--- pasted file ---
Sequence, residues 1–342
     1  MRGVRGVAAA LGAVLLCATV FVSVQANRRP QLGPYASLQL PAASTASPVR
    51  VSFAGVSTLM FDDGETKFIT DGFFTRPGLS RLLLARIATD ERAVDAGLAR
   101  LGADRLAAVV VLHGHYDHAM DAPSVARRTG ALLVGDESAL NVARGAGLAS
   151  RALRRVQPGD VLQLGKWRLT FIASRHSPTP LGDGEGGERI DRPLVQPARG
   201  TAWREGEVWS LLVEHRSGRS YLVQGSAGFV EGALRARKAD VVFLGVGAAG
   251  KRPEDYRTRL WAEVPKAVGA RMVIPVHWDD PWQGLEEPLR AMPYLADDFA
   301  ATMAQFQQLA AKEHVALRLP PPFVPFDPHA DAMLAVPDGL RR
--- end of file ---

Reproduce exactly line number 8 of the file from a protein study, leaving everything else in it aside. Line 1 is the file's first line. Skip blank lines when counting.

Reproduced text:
   301  ATMAQFQQLA AKEHVALRLP PPFVPFDPHA DAMLAVPDGL RR